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Market research today finds itself in somewhat of a quandary. Mostly, it is a field that is trying to remain relevant amidst the sea of changes taking place in marketing and sales today in the new digital and buyer experience economy. As the gatherer of market and customer data, market research is struggling to prove its value to senior management. The AMA (American Marketing Association) has voiced this concern in several of its conferences over the past few years. This topic has been an especially notable theme at the AMA's Annual Marketing Research Conference the last few years and no doubt is a hot topic this year.
What are the some of the challenges that face market research?
- The first is what I call the "how and why" complex. Conventionally, market research has focused on getting to the "who and what" of potential markets and customers. Gathering some good demographic information as well as finding voluminous reports on what is being purchased. With the hope of understanding trends and purchasing patterns. What is missing in many of the strategic meetings for senior executives is insight into understanding consumer or buyer behaviors and attitudes. Some may argue that psychographics provides this but psychographics focuses more on lifestyles as oppose to insightful and deep understanding into how and why consumers or buyers buy. The kind of insight that reveals competitive advantages and innovative breakthroughs.
- The second challenge can be termed "proliferation" in the sense that market research has become big business. Thus, gaining insight must come from distilling volumes of reports, quantitative data, surveys, focus groups, and every imaginable new way to look at a customer that has been created in the past 20 years. There appears to be a built-in inertia related to how many reports are bought each year, how many new ways to cut and slice data, and discovering new ways to perform statistical modeling each year. I do not propose that this is entirely a bad thing but it is very easy to see today that the proliferation of choices for market research has increased substantially in the pursuit of insight.
- The third challenge is one we can call "relevancy." That is, how does market research communicate relevant and real consumer or buyer insight? I know I have and some of you have sat through presentations with beautiful slides and graphics of graphs but leave with that sinking feeling in your stomach that you really did not gain any new insight that is going to help to drive strategy. It is a challenge that senior executives today are seeking to fix for the "go-to-market" windows continue to shrink and what is needed is relevant and real consumer or buyer insight today and not tomorrow.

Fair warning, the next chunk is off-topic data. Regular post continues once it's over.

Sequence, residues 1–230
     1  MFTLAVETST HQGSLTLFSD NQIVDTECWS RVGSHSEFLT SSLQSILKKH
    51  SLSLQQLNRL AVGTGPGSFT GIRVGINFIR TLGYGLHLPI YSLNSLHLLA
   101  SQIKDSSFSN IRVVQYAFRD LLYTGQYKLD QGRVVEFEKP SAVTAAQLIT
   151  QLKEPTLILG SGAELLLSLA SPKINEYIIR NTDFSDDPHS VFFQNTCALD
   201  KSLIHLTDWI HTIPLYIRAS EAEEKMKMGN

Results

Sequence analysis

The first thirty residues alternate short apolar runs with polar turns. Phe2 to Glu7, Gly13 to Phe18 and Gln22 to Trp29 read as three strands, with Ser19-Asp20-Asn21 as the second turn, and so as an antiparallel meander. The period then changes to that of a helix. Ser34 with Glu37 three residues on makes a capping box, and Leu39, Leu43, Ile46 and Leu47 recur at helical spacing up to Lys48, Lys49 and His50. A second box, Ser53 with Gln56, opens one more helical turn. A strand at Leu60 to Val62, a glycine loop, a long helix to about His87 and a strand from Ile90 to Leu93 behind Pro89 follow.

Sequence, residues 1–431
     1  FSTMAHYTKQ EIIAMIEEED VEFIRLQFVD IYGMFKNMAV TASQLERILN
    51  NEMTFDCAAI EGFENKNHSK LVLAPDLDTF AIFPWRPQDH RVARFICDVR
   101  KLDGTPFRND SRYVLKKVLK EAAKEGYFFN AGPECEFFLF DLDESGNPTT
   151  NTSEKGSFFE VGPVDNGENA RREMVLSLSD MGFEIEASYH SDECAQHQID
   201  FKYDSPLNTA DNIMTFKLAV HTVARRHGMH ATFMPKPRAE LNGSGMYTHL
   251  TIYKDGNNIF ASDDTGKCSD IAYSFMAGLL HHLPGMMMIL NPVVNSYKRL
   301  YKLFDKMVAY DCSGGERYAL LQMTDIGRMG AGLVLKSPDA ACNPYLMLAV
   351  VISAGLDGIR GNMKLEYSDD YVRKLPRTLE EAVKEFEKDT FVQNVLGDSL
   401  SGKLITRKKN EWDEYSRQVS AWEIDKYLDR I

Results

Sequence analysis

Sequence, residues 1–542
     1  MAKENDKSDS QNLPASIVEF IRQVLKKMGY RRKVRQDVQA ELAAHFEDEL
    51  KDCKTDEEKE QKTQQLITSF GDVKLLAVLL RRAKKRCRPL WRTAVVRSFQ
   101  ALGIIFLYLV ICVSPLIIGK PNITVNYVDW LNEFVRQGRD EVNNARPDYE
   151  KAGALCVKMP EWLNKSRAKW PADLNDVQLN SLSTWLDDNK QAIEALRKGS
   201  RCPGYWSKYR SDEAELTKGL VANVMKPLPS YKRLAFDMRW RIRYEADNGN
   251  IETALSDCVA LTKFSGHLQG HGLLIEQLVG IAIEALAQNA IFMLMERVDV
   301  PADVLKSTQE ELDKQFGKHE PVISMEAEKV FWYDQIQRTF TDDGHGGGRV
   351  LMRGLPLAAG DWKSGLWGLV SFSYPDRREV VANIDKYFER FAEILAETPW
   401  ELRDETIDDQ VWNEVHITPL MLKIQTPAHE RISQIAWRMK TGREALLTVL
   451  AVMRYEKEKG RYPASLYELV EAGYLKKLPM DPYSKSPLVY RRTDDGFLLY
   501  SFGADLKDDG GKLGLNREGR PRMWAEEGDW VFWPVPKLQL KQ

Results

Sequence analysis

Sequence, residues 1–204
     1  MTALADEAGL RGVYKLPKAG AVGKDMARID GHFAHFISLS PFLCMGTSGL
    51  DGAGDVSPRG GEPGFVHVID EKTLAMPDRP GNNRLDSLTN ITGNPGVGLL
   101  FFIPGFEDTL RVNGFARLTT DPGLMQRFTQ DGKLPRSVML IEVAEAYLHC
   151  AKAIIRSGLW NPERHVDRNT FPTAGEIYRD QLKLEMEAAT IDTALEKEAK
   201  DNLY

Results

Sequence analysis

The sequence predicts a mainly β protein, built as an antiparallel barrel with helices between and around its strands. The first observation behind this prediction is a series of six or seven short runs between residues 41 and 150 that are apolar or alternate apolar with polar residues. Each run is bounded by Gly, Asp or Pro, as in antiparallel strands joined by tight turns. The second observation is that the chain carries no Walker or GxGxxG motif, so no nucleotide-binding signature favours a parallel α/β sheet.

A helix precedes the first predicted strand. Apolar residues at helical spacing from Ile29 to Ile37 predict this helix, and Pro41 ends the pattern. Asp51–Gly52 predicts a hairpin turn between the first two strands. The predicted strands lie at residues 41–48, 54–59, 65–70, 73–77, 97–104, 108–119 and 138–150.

- The fourth challenge we can liken to the nomenclature of the "silent majoirty" in the digital age. The nature of what we typically have been researching has changed so dramatically the last few years that we may be in fact not reaching out to the right consumers or buyers. And these may very well be active online types who don't voice or interact yet they are everywhere in the social network. Watching, observing, and making decisions on these observations.
Market research is faced with many more challenges but these four appear to be the most prevalent. What can market research do? One solution is to use qualitative research means associated with persona creation methodology, whether they are user or buyer personas, to serve as the interface for the voluminous data and insight gained. This allows market research to not only distill meaningful insight but it also allows for communicating relevant persona-centric insights that truly drives strategy.
Market research, in today's digital age, must look towards blending the power of quantitative research with advanced qualitative research methodologies to create a powerful story that can be told to senior management, personnel, and to consumers or buyers. To become a major contributor to strategy, market research will need to embrace the advantages of qualitative research and adapt to a world where numbers or data alone cannot tell the full story of consumer or buyer behavior.